R is an open source software that has been been adopted by the statistical community as its standard software package. It is a command driven software, meaning that you will have to give the software written commands to indicate what you do. On first sight this is not as convenient as a menu driven software, but it has the huge advantage that you can collect a large set of commands in a file (script file) and then have R execute all these commands in one go. This then serves as a great documentation of the work you have done and most importantly it makes it easy to change a small aspect of your work and rerun the entire project on the press of a button rather than having to laboriously retrace all your steps through menus.
The fixed cost of learning this software is higher than learning a menu driven statistical software package. But if you engage with this process the rewards will be great.
Last not least, R has a killer advantage. It is free!!!
Installing the Software
To work with R you will have to install the basic software package R, but we also advise you to install RStudio, which is an add-on to R (formally called an Integrated Development Environment - IDE) which makes working with R easier.
As this is open-source software that you get for free it is perhaps understandable that the webpages from which you get the R software aren't as slick as you expect. And the language tends to be somewhat more techy, but don't worry, you'll be fine.
So here are the steps you should take.
- Download and install the R software, which is available from the CRAN website. Follow the "Download and Install R" link (and do not be tempted to download the source code!) for your operating system. If you have a window OS only choose the "base" package on the following screen. Then follow the usual installation instructions. You could now already work with R, but we recommend that you first undertake the next step.
- Once we have installed R, we can download and install RStudio. You can download it from the RStudio download page.
The basic R software has some basic functionality, but the power of R comes from the ability to use code written to perform statistical and econometric techniques that has been written by other people. These additional pieces of software are called packages and the next step will be to learn how ot use these.
We use a number of datasets on this page. For convenience they are listed here:
|Women's wages||Crime Statistics||Baseball Wages|
|Description||Observations for 753 females on wages, familiar and work circumstances hours worked and wages||Crime Statistics for 90 counties in North Carolina (US) for Years 1981 to 1987 (Panel Data); includes a number of variables to characterise the counties||Salary and other information (such as race, position and performance information) for 353 Baseball Players in 1993|
| mlb1.xls |
|Source||Wooldridge Book Companion Page||Wooldridge Book Companion Page||Wooldridge Book Companion Page|
Following the links in the above table you will also be able to download R data files for these datasets.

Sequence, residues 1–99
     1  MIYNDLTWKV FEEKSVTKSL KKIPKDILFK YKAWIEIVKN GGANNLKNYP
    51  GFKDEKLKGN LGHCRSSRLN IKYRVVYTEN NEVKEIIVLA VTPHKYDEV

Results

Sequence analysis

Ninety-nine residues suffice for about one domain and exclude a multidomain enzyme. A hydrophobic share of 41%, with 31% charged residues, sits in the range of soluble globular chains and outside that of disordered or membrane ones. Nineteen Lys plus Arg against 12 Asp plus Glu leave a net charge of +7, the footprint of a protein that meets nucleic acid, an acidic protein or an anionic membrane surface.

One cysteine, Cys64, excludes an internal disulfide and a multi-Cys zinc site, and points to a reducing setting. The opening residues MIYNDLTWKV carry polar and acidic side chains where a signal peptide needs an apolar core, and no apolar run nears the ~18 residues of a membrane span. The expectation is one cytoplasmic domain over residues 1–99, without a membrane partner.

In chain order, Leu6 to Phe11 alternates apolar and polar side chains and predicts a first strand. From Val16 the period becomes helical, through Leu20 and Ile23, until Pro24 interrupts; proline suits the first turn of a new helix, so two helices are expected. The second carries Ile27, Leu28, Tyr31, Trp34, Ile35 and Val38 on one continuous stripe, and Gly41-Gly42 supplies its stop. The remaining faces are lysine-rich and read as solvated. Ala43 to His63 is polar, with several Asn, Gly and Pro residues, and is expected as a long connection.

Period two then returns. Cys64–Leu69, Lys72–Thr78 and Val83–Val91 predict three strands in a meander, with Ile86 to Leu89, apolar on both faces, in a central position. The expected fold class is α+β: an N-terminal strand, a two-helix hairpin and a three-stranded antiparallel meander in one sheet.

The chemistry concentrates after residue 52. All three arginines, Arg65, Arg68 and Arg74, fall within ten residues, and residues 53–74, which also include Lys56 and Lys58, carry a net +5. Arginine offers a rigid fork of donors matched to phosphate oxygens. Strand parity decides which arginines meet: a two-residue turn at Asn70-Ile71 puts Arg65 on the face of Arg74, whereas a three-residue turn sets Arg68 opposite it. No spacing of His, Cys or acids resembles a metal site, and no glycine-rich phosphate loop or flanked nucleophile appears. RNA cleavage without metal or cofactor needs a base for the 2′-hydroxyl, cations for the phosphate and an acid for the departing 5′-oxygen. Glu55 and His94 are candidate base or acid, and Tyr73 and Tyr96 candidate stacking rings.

To illustrate how to perform basic tasks in R we will use the Women's wages dataset (mroz.csv). This is a comma separated value (csv) file that contains a dataset which we will use for our first steps in R. It is a well used cross-sectional dataset with 753 observations of female members of the labour force in the US (in 1975). It contains variables such as the number of children, the wage, the hours worked etc.
|First Steps|| Loading Data and
| Basic Data
| Data Analysis
| Saving Data and|
Bread and Butter Techniques
These are standard econometric problems tasks that any applied econometrician, and indeed aspiring economics students, should be familiar with.
| Predicting from|
| Instrumental Variables
| Univariate Time
| Multivariate Time
| Time Series
| Univariate and|
uses the following data files:
| Bayesian Estimation|
Some Fun Stuff
| Scraping |
In this section you can find code that can be useful to demonstrate a few econometric issues.
| Sampling and
LLN and CLT
| Demonstrating OLS
| Demonstrating OLS estimator|
Authors, Maintenance and Contributions
This wiki was created by Ralf Becker and James Lincoln with the financial support of a University of Manchester CHERIL grant. If you have any suggestions please contact us by email. Contributions to this wiki are encouraged. Please contact us if you are interested.
An easy way to create content for this page is to write RMarkdown documents which can then easily be translated, thanks to pandoc, to MediaWiki format (see ). From the command window call "pandoc -f markdown -t MediaWiki FILENAME.md -o FILENAME.mediawiki".
There is a plethora of resources if you want to learn R (which is one reason why this resource does not go into too much detail). Here are a few places to start.
- A dedicated tweet channel for Econometrics with R 
- Rob Hyndman has great material , some of which will be referred to here.
- My colleague Junanjo Medina has material for criminologists that includes good intros to graphing and some basic statistics 
- A Beginner's Guide to R
- Florian Heiss has written an R companion book to Wooldridge's Introductory Econometrics. It is available for free online but you can also get a hardcopy
- Some R resources provided by UCLA
- Quick-R web-site and first chapter of R in Action
- Just TryR it! 
- Some resource by the UCLA 
- A practice RData file , use this to load required packages